Have you ever opened fertilizer recommendations and asked yourself where the heck did they come up with these? After just a few weeks into “officially” working with producers one on one I have been amazed with the wide-range of fertilizer recommendations that come back from labs. This raises the question of how labs come up with fertilizer recommendations. Sometimes recommendations have varied as much as three times as much as producers are used to seeing. Most differences come from P and K, so we will focus on these. Differences arise from the fact that some labs will recommend based on a ‘crop sufficiency’ approach while others follow a ‘build/maintain’ approach. Others will simply follow a crop removal approach.
Understanding the differences between these fertilizer philosophies will explain the difference that is often observed in fertilizer recommendations. Before we look at the approaches lets define what is often referred to as the critical level, which plays an important role in the different approaches. The critical Level is the nutrient concentration that indicates the division between a crop being responsive and non-responsive to applications of fertilizer is termed the “critical level.” For example, the critical level of K is 120 ppm or 240 lb/ac. Let’s define each approach below in regards to P and K:
Crop Sufﬁciency– Sufficiency based fertility programs are intended to estimate the long-term average amount of fertilizer phosphorus required to, on the average, provide optimum economic return in the year of nutrient application. In some years greater amounts of nutrient are required for optimum yield and economic return, while in other years less than recommended amounts of nutrient would sufﬁce. There is little consideration of future soil test values and soil test values will likely stabilize in the ‘low’ to ‘medium’ crop responsive range.
Build-maintenance– Build-maintenance recommendations are intended to apply enough phosphorus or potassium to build soil test values to a target soil test value over a planned timeframe (typically 4 to 8 years). In the case of P we will build and maintain the P soil test level between 20-30 ppm (40-60 lb/ac) and for K we will build soil test levels from 120-140 ppm (240-280 lb K/ac). When the soil test values fall within these ranges you will apply fertilizer based on crop removal rates in order to maintain the soil test values in this range. If the soil test levels are greater than these “build” levels then no fertilizer will be applied or only a small amount of starter fertilizer.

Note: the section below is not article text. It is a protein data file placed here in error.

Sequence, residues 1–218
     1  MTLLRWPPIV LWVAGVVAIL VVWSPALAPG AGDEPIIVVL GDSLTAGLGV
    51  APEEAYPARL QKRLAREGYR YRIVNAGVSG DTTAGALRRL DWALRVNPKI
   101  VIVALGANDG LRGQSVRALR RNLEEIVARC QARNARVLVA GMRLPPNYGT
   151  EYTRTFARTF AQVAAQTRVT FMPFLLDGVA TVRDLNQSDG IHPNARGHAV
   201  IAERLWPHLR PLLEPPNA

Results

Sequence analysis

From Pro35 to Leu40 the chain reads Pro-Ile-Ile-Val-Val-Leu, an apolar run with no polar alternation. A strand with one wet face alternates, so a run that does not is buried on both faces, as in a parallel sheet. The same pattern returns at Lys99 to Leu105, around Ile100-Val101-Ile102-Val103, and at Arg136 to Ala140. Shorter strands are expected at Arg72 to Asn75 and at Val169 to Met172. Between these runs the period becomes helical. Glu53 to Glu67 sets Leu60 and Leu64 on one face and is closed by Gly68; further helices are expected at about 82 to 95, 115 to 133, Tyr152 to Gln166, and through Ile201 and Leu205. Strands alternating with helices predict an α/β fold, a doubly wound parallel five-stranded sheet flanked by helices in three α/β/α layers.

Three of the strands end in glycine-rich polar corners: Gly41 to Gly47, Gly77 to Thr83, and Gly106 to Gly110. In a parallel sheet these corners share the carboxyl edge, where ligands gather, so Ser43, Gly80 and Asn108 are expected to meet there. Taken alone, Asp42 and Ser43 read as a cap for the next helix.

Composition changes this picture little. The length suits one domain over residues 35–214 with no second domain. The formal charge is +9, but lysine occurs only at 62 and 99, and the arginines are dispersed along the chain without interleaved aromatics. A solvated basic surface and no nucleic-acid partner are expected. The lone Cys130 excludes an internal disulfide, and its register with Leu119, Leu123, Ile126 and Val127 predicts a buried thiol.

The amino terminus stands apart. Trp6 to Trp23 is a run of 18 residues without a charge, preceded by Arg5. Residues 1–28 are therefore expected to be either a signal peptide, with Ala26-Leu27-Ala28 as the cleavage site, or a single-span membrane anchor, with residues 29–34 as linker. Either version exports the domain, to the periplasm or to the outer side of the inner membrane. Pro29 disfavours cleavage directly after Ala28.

Crop Removal – Fertilizer is applied based on amount of nutrients that will be removed. This takes into account yield goal and amount of P and K that is in the grain or forage.
Understanding these fertilizer recommendation philosophies should help in interpreting results. Visit with the lab and ask what their approach to fertilizer recommendations are and make sure you are comfortable with that approach before sending samples. Also, remember that the recommendations that come back are just recommendations and they need to be customized to your operation. I typically make several modifications when making fertilizer recommendations. Some of the things that alter recommendations are initial soil test levels, if land is owned or rented, no-till vs. conventional till, etc. Having a nutrient management plan is important in improving nutrient use efficiency.
Nitrogen recommendations can be even more confusing but we will cover these in a later post.